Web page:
Compliance with inhaled Medication and Self-treatment Guidelines following a Self-management Programme in Adult Asthmatics

J. van der Palen, Jacobus Adrianus Maria van der Palen, J.J. Klein, J.J. Klein, M.M. Rovers

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Two of the principal components of self-management are compliance with medication and adherence to self-treatment guidelines. The aim of this study was to evaluate compliance objectively. Twenty two adult asthmatics attended a self-management programme. During a 2 week run-in period, compliance with inhaled steroids and peak expiratory flow (PEF) were electronically-registered. For PEF this resulted in a personal best value (PBV). Subsequently, patients attended four educational group sessions. During the four weeks of follow-up, patients were instructed to measure their PEF on a fixed day of the week and when they experienced an increase in symptoms. If PEF fell below 80% of PBV, patients had to double their use of inhaled steroids; if PEF fell below 60%, they had to start a short course of oral steroids. During run-in, mean compliance was 83% and compliance per patient varied from 6 to 106%. During follow-up, on days without exacerbation, compliance with inhaled steroids increased by 12% (95% confidence interval (95% CI) 3-21%) compared to run-in, ranging 21-200%. On days when patients should have doubled their inhaled steroids, compliance decreased by 28% (95% CI -39 to -17), and compliance ranged 46-94%. Of the 10 patients who should have doubled their medication, only three did so, whilst four increased the use of inhaled steroids but only by one or two puffs; three patients did not alter their behaviour. In five patients (24%) PEF fell below 60% of their PBV, after which four started prednisolone (self-report). In conclusion, even after a formal self-management programme, patients with asthma comply only partially to self-treatment guidelines. Most are willing to increase, but not double, their inhaled steroids. This suggests that more emphasis is needed to reassure patients about the safety of inhaled steroids.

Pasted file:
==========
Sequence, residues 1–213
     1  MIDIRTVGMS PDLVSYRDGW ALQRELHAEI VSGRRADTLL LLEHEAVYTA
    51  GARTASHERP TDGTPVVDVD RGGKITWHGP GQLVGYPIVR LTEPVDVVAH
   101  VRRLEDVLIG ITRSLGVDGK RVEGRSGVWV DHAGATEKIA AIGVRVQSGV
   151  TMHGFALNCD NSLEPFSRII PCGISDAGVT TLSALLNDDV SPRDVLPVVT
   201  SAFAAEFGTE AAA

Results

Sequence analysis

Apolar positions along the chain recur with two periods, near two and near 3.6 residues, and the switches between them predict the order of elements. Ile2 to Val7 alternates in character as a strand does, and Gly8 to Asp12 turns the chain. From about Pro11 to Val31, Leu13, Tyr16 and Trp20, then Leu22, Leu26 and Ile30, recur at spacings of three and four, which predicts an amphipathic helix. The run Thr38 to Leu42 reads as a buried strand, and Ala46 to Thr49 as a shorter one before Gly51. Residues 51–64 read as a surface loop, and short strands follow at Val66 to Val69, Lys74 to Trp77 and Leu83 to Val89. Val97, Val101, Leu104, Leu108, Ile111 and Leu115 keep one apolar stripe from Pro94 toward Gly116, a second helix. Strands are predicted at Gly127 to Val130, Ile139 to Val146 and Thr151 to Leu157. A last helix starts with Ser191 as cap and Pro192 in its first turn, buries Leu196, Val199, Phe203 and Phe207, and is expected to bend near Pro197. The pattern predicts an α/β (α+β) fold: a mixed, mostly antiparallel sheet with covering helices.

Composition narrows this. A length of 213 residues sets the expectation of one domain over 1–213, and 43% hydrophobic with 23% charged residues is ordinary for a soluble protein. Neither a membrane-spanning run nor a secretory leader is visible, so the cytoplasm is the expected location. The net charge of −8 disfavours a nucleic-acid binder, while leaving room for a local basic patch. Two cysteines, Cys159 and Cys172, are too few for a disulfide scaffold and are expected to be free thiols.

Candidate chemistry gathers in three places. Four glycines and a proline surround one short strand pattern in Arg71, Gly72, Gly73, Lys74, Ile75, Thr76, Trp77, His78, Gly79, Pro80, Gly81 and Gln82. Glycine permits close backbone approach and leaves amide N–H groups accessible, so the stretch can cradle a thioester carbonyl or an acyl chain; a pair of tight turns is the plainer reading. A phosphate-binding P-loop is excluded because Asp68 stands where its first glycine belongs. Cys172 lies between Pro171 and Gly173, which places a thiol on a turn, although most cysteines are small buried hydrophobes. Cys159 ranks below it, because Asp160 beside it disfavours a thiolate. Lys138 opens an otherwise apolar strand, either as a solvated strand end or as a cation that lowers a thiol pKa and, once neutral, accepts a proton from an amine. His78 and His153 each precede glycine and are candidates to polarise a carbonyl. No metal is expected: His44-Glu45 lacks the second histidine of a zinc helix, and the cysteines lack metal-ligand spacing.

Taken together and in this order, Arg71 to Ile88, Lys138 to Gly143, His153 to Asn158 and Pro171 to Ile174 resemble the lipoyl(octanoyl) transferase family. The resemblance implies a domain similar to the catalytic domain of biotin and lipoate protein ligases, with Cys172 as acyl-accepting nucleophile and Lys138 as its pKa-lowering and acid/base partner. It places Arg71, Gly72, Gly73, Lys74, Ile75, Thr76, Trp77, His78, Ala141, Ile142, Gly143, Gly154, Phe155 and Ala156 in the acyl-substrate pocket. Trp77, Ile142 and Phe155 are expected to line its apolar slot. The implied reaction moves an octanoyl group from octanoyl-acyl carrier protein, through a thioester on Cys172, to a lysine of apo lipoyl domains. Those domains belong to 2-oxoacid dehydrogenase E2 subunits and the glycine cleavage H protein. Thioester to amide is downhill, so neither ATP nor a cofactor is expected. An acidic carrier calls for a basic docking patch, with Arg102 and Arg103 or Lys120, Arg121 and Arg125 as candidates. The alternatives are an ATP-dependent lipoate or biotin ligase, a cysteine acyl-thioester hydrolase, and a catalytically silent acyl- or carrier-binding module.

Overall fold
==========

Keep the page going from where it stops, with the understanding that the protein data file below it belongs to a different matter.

Original languageEnglish
Pages (from-to)652-657
Number of pages6
JournalEuropean respiratory journal
Issue number3
Publication statusPublished - 1997


  • METIS-100114
  • IR-102172


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